Directed by Chong, Nice Dreams is freewheeling attempt at having a good time against a yuppified, sleazy, California backdrop. Chong’s unwavering, zen’d out attitude, as his utopian fantasy crumbles before him, serves as an inspirational proto-Lebowski path to enlightenment. I’d love to know more about the “making of” this perfect train wreck. One of the only times I was ever starstruck was meeting Chong at the Soho Grand! His 1980’s Playboy TV roast is also a true work of art. Look it up.

‘Street Wars’ (1992, Dir: Jamaa Fanaka)

MDB: After making the highest grossing independent film of 1979, the prison boxing opus Penitentiary, Jamaa Fanaka was primed for the big time. He’d made that film on a shoestring, industriously utilising the UCLA campus as a prison yard, and successfully creating an innovative and artistic masterwork. He'd even made two other films while there, Welcome Home Brother Charles (1975) and Emma Mae (1976). Yet the industry acceptance he sought out never materialised, leading him to become an outspoken critic of Hollywood politics.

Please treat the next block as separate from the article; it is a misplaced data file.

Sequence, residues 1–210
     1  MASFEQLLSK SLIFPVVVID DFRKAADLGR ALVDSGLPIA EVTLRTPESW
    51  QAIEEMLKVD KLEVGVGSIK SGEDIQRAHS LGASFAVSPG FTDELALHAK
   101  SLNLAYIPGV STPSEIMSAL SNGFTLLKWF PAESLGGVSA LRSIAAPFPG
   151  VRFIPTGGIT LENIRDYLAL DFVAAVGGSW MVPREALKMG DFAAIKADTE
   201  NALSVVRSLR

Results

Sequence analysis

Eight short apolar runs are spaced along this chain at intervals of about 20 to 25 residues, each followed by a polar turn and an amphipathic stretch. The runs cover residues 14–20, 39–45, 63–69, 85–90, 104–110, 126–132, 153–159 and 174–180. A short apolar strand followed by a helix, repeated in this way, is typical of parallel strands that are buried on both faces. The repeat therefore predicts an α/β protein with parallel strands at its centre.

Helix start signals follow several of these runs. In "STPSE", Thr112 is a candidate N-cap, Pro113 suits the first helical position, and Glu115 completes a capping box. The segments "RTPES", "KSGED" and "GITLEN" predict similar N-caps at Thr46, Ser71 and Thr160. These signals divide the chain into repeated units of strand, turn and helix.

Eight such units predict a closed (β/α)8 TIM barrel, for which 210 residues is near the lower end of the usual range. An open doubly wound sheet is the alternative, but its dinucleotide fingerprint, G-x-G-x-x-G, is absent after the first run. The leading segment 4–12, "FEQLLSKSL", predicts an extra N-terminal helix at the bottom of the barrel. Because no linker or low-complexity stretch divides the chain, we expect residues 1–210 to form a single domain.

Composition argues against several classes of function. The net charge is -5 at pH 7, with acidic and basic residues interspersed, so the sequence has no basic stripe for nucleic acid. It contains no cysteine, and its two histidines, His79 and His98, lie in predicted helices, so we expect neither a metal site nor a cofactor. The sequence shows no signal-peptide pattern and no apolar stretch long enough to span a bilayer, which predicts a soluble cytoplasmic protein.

Realising a studio career wasn't in the cards, Fanaka doubled down into his own outré sensibility, merging genre conventions with deeply surreal flourish. He made Penitentiary 2, followed by 3. The third being most famous for the extended fight scene, all in a tiny prison cell, between a boxer, Too Sweet, and a flying dwarf, who gains the power of flight through smoking crack and flailing his arms about super fast. I saw it repeatedly on USA Up All Night as a kid and was mesmerised. Those films were all test drives, though, for his final masterpiece, 1992’s Street Wars.

It’s the story of Sugar Pop who, upon returning to South L.A from Exeter Military Academy, utilises his advanced education to help his local street gang take over the hood by using ultralight airplanes to fly around and do drive-bys from the sky. Everything about it, from the dialogue to the costume design, is singular, stylised, and absurd.

Sadly, Fanaka went too hard with it and it was his final work. I remember when I was working at Kim’s Video on St. Marks, I found the VHS one day on the shelf and decided to toss it on. Everyone was delighted and riveted. Random customers were all glued to the TV. We’d put it on all the time. It’s an inimitable comedic take on Boyz In Da Hood from a true outsider who never wavered.


Project Space 13 will open in NYC theatrically on the 3rd of December, 2021 at Roxy Cinema. Mubi will stream it on the 10th of December in the U.S, Canada, UK, Ireland, Australia and New Zealand. Find more info here.